Saturday, September 4, 2010

Dating Someone With A Different Faith

In one of our previous blogs, Melissa talked about five signs that you are not ready to be married. For one of them, she said the following: "You're not ready to marry if you don't have the same religious beliefs." (To see that full blog, How Do You Know When You're Ready To Marry, click here.)

Because of that comment, the following question was sent along by a reader: "What are your opinions on dating someone who has no faith, or at least not yet."

This is a great question and one that I think has a couple of different things to think about.

When deciding to date someone of another faith we need to explore what the purpose of dating is. In my opinion the purpose of dating is to find a spouse. The whole process of dating is beginning to mesh two lives together with experiences and conversations that could one day lead to marriage. One problem that dating someone of an opposite faith is that a major aspect of your lives simply doesn't mesh. There can be equal respect for your differing opinions but faith is something that effects too many aspects of life for it to just be a casual "agree to disagree" issue within a committed relationship.

Think about some of the different issues different faiths would having on a dating relationship:
  • Should you have sex or not?
  • Should you live together?
  • Should you go to church together?
  • Should you pray together?
  • Do you seek God's discernment in your decision to get engaged?
  • Where should you get married and who should marry you?
Melissa and I have found a shared faith simply invaluable to our relationship - both while we dated and in marriage - and one of the main reasons we are still together. We just celebrated our five year anniversary and in September 26 will mark us being together as couple for nine years and we both know that God is the top reason for that. We have often commented how we don't know who those who don't know Christ do it. Prayer, Christ's call to humility, purity and serving, as well as seeking God's wisdom and discernment all play such an important role in the life of any Christian (or should anyways) and a committed relationship with someone who has different values will prove to be a difficult thing.

Now, there are some people who would disagree with my definition of dating and would argue that there is such thing as casual dating. The focus here isn't on anything long term or deeply committed but yet simply going on dates with different people. If this is where you are with dating, I would say there is nothing wrong with having dates with someone who has a different faith. It gives you the opportunity to learn about relationships and interactions as well as provides a context for witnessing and sharing Christ.

The other big issue our reader brought with their question concerns the topic of dating someone who has no faith as a way of sharing Jesus with them, aka missionary dating. Here are a few thoughts on that issue.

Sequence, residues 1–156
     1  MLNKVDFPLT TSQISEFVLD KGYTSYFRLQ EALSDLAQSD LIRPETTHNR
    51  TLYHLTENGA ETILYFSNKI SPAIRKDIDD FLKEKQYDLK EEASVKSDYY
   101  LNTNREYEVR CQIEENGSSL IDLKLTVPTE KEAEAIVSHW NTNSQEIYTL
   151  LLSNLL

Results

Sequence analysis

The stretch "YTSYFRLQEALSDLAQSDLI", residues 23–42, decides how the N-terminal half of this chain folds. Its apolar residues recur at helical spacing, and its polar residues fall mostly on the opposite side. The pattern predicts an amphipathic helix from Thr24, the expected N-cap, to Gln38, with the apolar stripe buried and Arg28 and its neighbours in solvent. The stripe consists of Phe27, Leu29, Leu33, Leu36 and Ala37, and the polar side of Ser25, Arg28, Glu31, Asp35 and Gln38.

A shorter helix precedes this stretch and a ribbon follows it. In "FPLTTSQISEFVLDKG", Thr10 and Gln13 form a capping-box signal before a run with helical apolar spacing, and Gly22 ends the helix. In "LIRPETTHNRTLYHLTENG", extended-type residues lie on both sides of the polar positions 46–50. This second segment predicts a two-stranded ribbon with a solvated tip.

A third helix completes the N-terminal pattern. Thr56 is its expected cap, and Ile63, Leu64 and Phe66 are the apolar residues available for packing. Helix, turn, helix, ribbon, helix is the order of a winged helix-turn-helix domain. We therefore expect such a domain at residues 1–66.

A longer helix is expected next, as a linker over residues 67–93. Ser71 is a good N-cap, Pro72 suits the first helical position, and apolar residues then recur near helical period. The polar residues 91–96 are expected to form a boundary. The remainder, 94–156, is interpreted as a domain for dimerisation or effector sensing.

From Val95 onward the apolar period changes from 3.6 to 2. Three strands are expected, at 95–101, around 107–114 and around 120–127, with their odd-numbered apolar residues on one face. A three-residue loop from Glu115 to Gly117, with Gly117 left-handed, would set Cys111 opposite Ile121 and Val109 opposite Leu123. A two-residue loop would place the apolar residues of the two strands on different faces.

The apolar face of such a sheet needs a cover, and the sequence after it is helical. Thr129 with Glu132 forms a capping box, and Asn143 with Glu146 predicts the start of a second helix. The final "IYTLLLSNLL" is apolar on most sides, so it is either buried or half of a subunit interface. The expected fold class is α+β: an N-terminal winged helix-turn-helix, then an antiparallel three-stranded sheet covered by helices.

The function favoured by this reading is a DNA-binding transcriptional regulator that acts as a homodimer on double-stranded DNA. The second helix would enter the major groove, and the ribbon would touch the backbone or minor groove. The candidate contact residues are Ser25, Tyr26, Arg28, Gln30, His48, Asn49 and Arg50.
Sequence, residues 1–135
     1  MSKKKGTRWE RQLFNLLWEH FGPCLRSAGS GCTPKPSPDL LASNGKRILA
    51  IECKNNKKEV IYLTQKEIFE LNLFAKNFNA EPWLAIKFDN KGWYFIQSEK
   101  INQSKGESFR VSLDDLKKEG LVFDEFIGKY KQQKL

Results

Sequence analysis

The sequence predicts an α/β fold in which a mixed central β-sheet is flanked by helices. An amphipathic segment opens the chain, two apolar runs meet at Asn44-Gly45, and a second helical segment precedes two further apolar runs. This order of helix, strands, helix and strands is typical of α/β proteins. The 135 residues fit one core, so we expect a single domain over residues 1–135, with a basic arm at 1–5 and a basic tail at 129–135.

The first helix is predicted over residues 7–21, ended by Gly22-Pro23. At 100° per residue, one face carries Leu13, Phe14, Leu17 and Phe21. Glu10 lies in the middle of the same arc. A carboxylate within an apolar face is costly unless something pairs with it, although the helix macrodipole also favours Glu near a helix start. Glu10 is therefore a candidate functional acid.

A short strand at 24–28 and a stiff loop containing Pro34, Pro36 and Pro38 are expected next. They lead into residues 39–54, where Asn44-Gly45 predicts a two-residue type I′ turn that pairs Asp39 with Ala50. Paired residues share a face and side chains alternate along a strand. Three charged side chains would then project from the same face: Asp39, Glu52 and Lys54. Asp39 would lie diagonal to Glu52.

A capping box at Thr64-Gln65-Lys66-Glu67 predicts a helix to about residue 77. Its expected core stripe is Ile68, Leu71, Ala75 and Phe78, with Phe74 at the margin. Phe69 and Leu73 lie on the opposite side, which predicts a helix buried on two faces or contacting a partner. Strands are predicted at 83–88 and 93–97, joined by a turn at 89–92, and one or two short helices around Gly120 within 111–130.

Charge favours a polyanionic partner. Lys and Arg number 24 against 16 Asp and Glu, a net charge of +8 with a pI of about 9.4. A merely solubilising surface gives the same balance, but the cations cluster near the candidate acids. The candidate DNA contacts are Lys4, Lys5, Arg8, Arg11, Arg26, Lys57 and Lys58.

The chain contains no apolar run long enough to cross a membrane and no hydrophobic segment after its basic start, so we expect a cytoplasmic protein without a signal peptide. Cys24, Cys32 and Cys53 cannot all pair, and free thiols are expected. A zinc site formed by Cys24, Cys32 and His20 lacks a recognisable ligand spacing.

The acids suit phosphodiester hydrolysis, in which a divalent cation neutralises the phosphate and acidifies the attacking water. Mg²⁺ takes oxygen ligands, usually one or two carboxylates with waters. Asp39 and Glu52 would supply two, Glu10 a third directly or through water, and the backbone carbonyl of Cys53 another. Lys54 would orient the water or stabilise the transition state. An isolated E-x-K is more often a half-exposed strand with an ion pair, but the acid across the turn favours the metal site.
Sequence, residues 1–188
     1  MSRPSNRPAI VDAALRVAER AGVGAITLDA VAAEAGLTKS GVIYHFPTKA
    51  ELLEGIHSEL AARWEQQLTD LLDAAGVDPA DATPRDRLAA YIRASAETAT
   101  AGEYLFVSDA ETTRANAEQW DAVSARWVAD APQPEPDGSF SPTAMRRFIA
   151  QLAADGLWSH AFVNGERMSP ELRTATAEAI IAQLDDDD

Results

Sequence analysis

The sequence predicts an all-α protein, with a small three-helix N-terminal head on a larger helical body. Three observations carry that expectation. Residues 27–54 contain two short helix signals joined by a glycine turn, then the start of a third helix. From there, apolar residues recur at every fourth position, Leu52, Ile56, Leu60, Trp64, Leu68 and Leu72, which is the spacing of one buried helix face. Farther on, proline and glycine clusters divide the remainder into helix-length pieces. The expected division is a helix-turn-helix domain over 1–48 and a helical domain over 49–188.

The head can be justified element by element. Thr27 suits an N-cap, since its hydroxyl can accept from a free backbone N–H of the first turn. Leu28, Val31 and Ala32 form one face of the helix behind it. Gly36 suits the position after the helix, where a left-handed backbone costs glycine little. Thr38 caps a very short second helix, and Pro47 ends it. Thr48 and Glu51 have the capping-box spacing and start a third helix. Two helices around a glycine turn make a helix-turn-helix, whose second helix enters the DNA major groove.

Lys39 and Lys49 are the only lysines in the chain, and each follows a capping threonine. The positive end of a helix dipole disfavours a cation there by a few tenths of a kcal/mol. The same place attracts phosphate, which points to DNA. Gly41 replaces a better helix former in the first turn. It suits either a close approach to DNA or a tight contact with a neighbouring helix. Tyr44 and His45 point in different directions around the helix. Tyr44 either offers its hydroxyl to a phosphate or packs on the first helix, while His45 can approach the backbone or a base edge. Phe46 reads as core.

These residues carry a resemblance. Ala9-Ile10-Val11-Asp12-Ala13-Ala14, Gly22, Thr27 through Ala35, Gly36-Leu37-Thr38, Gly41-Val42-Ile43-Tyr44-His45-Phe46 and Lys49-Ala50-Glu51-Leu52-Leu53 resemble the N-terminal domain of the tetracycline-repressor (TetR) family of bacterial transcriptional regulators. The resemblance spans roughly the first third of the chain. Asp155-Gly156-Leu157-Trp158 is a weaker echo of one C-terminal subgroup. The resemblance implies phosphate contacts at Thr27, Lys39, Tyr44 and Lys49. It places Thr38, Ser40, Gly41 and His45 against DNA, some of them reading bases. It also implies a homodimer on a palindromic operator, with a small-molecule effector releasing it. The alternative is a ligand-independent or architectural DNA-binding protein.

1) In my experience, missionary dating doesn't work very well. I've seen many people try and in almost every situation the Christian ends compromising their faith and standards more often than not.

2) When it comes to missionary dating, I have always asked people the question, "Why do you have to date the person in order to share your faith with them?" What's wrong with being friends, or even good friends, and sharing your faith in many of the same ways but yet without opening yourself up to some of the deeper questions that I mentioned above.

3) The last thing I will say is that in everything I have said, I am always very leery of establishing hard and fast rules about dating. That being said, I think prayer and wisdom should be huge factors to discerning whether to start a dating relationship to begin with. Regardless of who the person is or what their faith is, take some time to pray and ask God for direction and take some time to talk to trusted friends or mentors as well. As much as I would warn against missionary dating, I am not closed to the idea that God could possibly lead in that direction.


  1. On the topic of "missionary dating," I think you also have to consider the notion of how evangelism can be warped inside the church today. In my experience, I've seen people use evangelism as a means to change someone into somebody more like them, so that they're easier to love. That can be unpacked a bit more, but the gist of it is that we have the ability to use love as a tool of manipulation, rather than...well, love. Take that sentiment, convoluted as it may be, and hopefully I'll be able to clarify it further someday.

  2. I think you're right. Too many people (lets face it it's mostly women and this is Melissa talking so I can say it) try to "fix" or change who they date or marry. Many times a woman gets to her 30's and really wants to settle down and she just can't seem to find a good Christian guy. So she compromises and finds a nice non-Christian guy and commences missionary dating him and pressuring him into church life or a salvation experience that he may not want or be ready for. It's not a good plan at all and only ends up creating tension and fake "conversions" which don't last after marriage.

  3. Really a great post. I liked it and its good that you are sharing with others too.


Our goal of this blog is to share stories (both good and bad), thoughts and insights about our marriage and we would love for you to jump into the conversation.

The goal is to provide three things:
1) HOPE for struggling couples that they are not alone.
2) GROWTH in our marriages and our understanding of marriage.
3) ENCOURAGEMENT to keep loving your spouse unconditionally.